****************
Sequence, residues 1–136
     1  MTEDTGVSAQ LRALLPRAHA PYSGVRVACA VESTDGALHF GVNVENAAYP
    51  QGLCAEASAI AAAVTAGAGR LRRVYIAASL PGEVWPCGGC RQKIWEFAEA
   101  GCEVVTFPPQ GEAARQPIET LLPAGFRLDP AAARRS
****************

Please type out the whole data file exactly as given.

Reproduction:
Sequence, residues 1–136
     1  MTEDTGVSAQ LRALLPRAHA PYSGVRVACA VESTDGALHF GVNVENAAYP
    51  QGLCAEASAI AAAVTAGAGR LRRVYIAASL PGEVWPCGGC RQKIWEFAEA
   101  GCEVVTFPPQ GEAARQPIET LLPAGFRLDP AAARRS